Course Rating. If memory serves me correctly, the Massachusetts Golf Association created the first course rating system in the mid or late 1920's. Each hole on a course was rated for the ease or difficulty a scratch golfer could score on said hole by reducing or increasing the hole par in steps of two tenths (0.2) of a stroke. The individual hole ratings were then totalled, with the final course rating being the nearest whole number to said total. (Example: 69.8 would revert to 70, as would 70.4.) This, I believe, was the first "fractional par" rating system. As it proved to have some inequities, it was later modified and refined several times until the USGA adopted a system of its own, which, in turn, was altered for improvement. The present (1980, preceding the current procedure) USGA rating system is based almost entirely on yardage, with limited adjustments permitted for the very easy or difficult courses. While this is a good, solid foundation on which to base ratings, it does not, to my way of thinking, give enough consideration to other factors which affect the scoring efforts of players of less ability than the scratch golfer. It does not evaluate properly the playing difficulties of, say, two courses of equal yardage when there are wide differences between tightness and openness, many hazards and few, hilly course and flat, small well-guarded greens and large unguarded ditto, many holes ending uphill and just the opposite, etc. I admit these factors are very difficult, if not impossible, to evaluate. Other problems arise if consideration is to be given to the distances various players can hit the ball. Certainly the long knocker of today is not bothered by hazards and heavy rough which are a pain in the neck to the short hitter. (At my advanced age, I am well aware of both sides.) Perhaps a new and more accurate definition is needed of the average scratch golfer on whose ability the course rating system and consequently the handicap system is based.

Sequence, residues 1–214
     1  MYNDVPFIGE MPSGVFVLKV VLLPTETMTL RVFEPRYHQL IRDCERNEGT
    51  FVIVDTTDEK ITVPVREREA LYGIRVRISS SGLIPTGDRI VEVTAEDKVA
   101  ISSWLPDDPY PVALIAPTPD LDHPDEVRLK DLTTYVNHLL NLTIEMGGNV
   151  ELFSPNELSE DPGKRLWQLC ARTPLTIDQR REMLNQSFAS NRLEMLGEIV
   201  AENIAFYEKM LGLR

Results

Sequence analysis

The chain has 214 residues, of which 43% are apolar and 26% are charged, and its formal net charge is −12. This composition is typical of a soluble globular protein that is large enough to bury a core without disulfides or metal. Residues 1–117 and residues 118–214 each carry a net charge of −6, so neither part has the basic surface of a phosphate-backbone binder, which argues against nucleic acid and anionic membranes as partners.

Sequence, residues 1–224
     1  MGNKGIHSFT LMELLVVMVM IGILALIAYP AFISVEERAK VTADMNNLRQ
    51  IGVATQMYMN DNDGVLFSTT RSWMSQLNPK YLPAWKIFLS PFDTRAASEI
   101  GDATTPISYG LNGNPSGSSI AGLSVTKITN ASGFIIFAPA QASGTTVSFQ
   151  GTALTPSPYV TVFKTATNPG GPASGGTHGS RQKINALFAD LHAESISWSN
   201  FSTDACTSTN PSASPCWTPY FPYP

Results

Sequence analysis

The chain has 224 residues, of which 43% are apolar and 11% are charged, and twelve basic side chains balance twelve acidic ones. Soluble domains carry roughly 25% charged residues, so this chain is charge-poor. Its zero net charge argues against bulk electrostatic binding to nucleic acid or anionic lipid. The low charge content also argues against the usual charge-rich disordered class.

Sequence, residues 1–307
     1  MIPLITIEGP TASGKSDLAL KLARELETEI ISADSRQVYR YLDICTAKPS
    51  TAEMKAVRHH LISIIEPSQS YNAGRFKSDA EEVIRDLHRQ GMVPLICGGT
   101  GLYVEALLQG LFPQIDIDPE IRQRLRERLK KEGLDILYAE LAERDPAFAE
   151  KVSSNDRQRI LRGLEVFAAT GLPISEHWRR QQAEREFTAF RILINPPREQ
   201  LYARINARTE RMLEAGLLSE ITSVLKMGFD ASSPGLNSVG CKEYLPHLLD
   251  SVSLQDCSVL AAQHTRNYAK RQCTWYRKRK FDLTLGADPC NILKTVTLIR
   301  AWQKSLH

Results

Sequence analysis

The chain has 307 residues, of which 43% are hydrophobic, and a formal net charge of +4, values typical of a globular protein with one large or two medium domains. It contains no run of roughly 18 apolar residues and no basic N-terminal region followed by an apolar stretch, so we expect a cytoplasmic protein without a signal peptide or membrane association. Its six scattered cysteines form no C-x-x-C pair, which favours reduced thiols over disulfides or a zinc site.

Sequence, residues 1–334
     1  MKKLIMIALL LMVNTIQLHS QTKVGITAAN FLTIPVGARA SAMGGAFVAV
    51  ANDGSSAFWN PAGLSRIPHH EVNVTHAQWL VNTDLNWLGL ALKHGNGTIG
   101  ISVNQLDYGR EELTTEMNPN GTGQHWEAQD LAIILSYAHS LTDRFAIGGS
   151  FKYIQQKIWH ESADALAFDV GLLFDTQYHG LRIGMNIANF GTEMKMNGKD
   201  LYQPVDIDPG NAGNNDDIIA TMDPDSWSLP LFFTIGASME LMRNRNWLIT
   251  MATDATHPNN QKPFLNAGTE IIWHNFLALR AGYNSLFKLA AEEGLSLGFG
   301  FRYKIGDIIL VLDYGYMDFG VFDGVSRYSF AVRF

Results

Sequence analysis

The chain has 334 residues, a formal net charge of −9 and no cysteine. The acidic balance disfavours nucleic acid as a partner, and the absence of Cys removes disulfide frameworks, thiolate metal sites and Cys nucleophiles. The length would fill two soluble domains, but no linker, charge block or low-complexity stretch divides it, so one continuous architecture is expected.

I trust that a few of my comments may be helpful, and again thank you for permitting me to comment on your HISTORY.
William O. Blaney
15 Rockridge Road
Wellesley Hills, Massachusetts 02181
July 15, 1980